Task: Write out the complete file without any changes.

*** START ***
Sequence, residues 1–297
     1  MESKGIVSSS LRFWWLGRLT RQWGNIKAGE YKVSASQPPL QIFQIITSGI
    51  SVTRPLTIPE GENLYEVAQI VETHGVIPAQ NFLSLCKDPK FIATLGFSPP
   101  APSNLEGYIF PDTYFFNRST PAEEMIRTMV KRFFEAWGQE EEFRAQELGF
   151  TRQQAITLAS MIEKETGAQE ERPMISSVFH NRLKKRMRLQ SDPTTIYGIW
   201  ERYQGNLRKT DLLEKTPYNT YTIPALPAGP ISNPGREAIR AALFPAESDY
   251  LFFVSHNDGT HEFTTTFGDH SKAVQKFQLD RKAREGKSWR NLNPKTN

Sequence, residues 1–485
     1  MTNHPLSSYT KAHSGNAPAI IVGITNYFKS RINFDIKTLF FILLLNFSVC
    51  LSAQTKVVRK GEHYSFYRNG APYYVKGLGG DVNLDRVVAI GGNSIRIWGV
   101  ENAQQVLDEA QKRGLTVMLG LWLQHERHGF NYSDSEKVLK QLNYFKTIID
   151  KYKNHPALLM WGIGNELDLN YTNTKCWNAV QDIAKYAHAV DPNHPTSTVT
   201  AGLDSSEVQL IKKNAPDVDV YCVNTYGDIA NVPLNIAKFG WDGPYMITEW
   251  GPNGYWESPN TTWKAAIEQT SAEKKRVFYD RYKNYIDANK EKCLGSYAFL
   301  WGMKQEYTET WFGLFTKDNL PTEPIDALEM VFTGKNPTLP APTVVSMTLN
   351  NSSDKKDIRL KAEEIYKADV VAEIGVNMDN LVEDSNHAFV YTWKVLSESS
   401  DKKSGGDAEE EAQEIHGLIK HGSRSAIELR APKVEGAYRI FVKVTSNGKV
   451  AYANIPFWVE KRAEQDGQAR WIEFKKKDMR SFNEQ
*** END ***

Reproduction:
Sequence, residues 1–297
     1  MESKGIVSSS LRFWWLGRLT RQWGNIKAGE YKVSASQPPL QIFQIITSGI
    51  SVTRPLTIPE GENLYEVAQI VETHGVIPAQ NFLSLCKDPK FIATLGFSPP
   101  APSNLEGYIF PDTYFFNRST PAEEMIRTMV KRFFEAWGQE EEFRAQELGF
   151  TRQQAITLAS MIEKETGAQE ERPMISSVFH NRLKKRMRLQ SDPTTIYGIW
   201  ERYQGNLRKT DLLEKTPYNT YTIPALPAGP ISNPGREAIR AALFPAESDY
   251  LFFVSHNDGT HEFTTTFGDH SKAVQKFQLD RKAREGKSWR NLNPKTN

Sequence, residues 1–485
     1  MTNHPLSSYT KAHSGNAPAI IVGITNYFKS RINFDIKTLF FILLLNFSVC
    51  LSAQTKVVRK GEHYSFYRNG APYYVKGLGG DVNLDRVVAI GGNSIRIWGV
   101  ENAQQVLDEA QKRGLTVMLG LWLQHERHGF NYSDSEKVLK QLNYFKTIID
   151  KYKNHPALLM WGIGNELDLN YTNTKCWNAV QDIAKYAHAV DPNHPTSTVT
   201  AGLDSSEVQL IKKNAPDVDV YCVNTYGDIA NVPLNIAKFG WDGPYMITEW
   251  GPNGYWESPN TTWKAAIEQT SAEKKRVFYD RYKNYIDANK EKCLGSYAFL
   301  WGMKQEYTET WFGLFTKDNL PTEPIDALEM VFTGKNPTLP APTVVSMTLN
   351  NSSDKKDIRL KAEEIYKADV VAEIGVNMDN LVEDSNHAFV YTWKVLSESS
   401  DKKSGGDAEE EAQEIHGLIK HGSRSAIELR APKVEGAYRI FVKVTSNGKV
   451  AYANIPFWVE KRAEQDGQAR WIEFKKKDMR SFNEQ